Infographic

New Data Shows Slowdown in Growth of International Students in the U.S.

The lowest growth rate in a decade could impact the bottom line for some universities.

A group of Chinese graduates celebrate after the commencement ceremony at Columbia University in New York on May 18, 2016. Xinhua/Li Muzi via Getty Images
A group of Chinese graduates celebrate after the commencement ceremony at Columbia University in New York on May 18, 2016. Xinhua/Li Muzi via Getty Images
A group of Chinese graduates celebrate after the commencement ceremony at Columbia University in New York on May 18, 2016. Xinhua/Li Muzi via Getty Images

A group of Chinese graduates celebrate after the commencement ceremony at Columbia University in New York on May 18, 2016. Xinhua/Li Muzi via Getty Images

While more students are enrolled in U.S. colleges than ever before, the growth in the number of international students has flatlined, bringing to an end a decade of expansion. According to a new report by the Institute of International Education, foreign student enrollment in the United States grew by only 0.05 percent in the 2018-2019 academic year.

As seen in the chart below, this was the lowest growth rate in a decade.

A group of Chinese graduates celebrate after the commencement ceremony at Columbia University in New York on May 18, 2016. Xinhua/Li Muzi via Getty Images

While more students are enrolled in U.S. colleges than ever before, the growth in the number of international students has flatlined, bringing to an end a decade of expansion. According to a new report by the Institute of International Education, foreign student enrollment in the United States grew by only 0.05 percent in the 2018-2019 academic year.

As seen in the chart below, this was the lowest growth rate in a decade.


International Students in the United States

Numbers have climbed 63 percent in the past 11 years but have plateaued since 2016.

Percent change refers to year over year. Source: Institute of International Education.


The deceleration in the growth of the international student body—an important source of income for many U.S. universities—is in part due to a slowdown in the number of students coming from China, which accounts for a third of all non-American students in the country. But while China still represented some small growth, countries such as South Korea, Saudi Arabia, Japan, Iran, and the United Kingdom sent fewer students to the United States this year than in the year before.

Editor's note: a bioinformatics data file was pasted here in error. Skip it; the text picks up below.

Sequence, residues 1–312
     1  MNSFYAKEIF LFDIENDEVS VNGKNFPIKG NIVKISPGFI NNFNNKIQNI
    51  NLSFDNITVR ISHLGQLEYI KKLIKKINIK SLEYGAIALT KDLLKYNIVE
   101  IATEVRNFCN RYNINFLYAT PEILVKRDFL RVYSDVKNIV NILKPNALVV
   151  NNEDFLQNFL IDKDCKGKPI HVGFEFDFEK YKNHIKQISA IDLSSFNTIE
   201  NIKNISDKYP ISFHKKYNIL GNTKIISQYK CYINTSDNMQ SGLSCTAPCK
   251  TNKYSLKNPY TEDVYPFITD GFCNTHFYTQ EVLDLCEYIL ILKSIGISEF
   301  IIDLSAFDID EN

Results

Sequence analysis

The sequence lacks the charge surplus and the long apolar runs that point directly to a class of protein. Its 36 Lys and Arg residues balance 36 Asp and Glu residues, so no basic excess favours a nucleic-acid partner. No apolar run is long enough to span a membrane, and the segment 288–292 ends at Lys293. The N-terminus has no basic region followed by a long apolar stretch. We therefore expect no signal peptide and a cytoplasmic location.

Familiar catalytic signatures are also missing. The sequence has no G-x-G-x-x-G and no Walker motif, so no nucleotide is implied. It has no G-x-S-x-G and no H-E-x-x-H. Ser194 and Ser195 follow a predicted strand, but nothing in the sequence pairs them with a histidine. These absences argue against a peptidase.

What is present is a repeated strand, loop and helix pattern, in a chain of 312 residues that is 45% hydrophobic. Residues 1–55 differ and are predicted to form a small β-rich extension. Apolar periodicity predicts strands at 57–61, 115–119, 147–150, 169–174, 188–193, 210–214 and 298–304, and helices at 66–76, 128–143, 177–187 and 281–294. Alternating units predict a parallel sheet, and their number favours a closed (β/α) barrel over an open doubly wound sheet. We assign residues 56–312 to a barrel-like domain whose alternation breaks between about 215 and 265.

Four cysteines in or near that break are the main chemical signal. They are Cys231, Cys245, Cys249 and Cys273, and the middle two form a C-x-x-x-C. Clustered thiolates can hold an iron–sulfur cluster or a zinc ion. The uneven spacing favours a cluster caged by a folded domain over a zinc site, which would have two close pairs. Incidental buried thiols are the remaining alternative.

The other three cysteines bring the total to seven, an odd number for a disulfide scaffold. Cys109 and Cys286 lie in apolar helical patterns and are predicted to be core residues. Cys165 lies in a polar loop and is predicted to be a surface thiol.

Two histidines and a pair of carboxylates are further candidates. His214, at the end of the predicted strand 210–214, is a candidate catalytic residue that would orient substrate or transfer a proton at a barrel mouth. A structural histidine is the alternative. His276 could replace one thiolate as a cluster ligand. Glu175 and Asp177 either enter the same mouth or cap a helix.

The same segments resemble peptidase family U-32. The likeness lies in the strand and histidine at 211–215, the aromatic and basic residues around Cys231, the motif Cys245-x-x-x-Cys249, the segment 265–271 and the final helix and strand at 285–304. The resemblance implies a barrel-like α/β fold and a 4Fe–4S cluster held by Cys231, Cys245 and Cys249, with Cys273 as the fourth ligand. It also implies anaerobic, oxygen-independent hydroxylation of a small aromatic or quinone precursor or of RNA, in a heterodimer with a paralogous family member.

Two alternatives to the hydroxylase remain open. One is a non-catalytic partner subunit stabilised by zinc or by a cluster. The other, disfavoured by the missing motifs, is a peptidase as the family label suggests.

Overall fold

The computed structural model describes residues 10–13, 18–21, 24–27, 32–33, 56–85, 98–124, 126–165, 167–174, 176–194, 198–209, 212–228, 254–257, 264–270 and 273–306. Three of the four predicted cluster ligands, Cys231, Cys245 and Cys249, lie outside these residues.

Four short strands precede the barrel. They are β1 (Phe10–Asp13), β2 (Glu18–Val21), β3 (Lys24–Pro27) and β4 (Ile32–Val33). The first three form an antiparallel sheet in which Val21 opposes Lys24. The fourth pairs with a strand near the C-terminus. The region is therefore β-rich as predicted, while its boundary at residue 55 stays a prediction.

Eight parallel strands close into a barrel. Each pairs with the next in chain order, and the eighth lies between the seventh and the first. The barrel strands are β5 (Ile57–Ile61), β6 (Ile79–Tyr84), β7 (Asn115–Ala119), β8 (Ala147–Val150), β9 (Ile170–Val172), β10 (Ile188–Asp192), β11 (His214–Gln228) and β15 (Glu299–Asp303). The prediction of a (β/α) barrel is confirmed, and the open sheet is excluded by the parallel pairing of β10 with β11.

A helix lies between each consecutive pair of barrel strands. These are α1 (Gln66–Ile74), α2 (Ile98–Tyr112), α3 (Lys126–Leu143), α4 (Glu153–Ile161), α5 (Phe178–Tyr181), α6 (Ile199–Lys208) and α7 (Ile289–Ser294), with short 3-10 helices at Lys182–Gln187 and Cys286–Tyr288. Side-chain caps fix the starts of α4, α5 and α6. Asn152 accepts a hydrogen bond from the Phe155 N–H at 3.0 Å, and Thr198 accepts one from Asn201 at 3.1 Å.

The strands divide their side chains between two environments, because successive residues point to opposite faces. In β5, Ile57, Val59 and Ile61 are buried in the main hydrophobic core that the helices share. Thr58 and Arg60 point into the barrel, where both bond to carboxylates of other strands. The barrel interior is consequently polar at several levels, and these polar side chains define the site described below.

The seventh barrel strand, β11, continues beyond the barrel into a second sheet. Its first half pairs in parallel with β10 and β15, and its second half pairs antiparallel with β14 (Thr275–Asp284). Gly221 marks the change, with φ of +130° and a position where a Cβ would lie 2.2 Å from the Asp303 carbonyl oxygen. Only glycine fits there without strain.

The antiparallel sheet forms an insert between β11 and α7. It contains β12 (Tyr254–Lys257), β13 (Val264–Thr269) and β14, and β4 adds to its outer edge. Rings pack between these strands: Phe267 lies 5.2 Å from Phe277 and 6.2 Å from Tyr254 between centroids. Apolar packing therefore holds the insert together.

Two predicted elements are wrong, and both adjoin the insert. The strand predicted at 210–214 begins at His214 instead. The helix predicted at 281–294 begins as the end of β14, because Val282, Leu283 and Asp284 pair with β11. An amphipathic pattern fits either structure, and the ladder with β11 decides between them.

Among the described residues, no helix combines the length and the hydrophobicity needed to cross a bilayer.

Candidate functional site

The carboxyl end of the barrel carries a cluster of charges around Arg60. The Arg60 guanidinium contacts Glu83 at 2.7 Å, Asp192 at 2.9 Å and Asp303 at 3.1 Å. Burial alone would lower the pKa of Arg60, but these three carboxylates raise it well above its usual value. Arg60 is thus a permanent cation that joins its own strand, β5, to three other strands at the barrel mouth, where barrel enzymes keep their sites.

As the chart below shows, India was the source of more than 200,000 students, representing nearly a fifth of the total international student body.


Top Places of Origin for International Students in the United States

Country 2018-19 Total Percentage of total international students in the U.S. Change from previous year Change from 10 years ago
1. China 369,548 33.7% 1.7% 189.6%
2. India 202,014 18.4% 2.9% 92.6%
3. South Korea 52,250 4.8% -4.2% -27.6%
4. Saudi Arabia 37,080 3.4% -16.5% 134.5%
5. Canada 26,122 2.4% 0.8% -7.2%
6. Vietnam 24,392 2.2% 0.3% 86.0%
7. Taiwan 23,369 2.1% 4.1% -12.4%
8. Japan 18,105 1.7% -3.5% -27.1%
9. Brazil 16,059 1.5% 9.8% 82.8%
10. Mexico 15,229 1.4% -1.5% 13.2%
11. Nigeria 13,423 1.2% 5.8% 104.4%
12. Nepal 13,229 1.2% -0.3% 17.8%
13. Iran 12,142 1.1% -5.0% 156.7%
14. United Kingdom 11,146 1.0% -2.7% 25.8%
15. Turkey 10,159 0.9% -3.4% -18.1%

Source: Institute of International Education


The slowdown can be explained in part by changes in policy. New restrictions were implemented in 2019 to make obtaining work visas more difficult for foreign nationals. But the flatlining in numbers comes after a decade of high-speed growth: The number of students from China and India has grown by 189.6 percent and 92.6 percent, respectively.

Some countries have made it less of a priority to send their best students to the United States. Since the Saudi government cut funding for a generous scholarship program in 2016, the number of Saudi students in the United States has gone down, with a 16.5 percent decline in 2018-2019. And in China’s case, students have reported finding the U.S. academic environment increasingly unfriendly in light of the trade war between the two countries.

To help offset some of the declines in the numbers of students from Europe and the Middle East, U.S. universities have increased their outreach to places in South Asia, Africa, and Latin America. The largest increases in international students came from Brazil, Nigeria, Taiwan, and India, according to the report.

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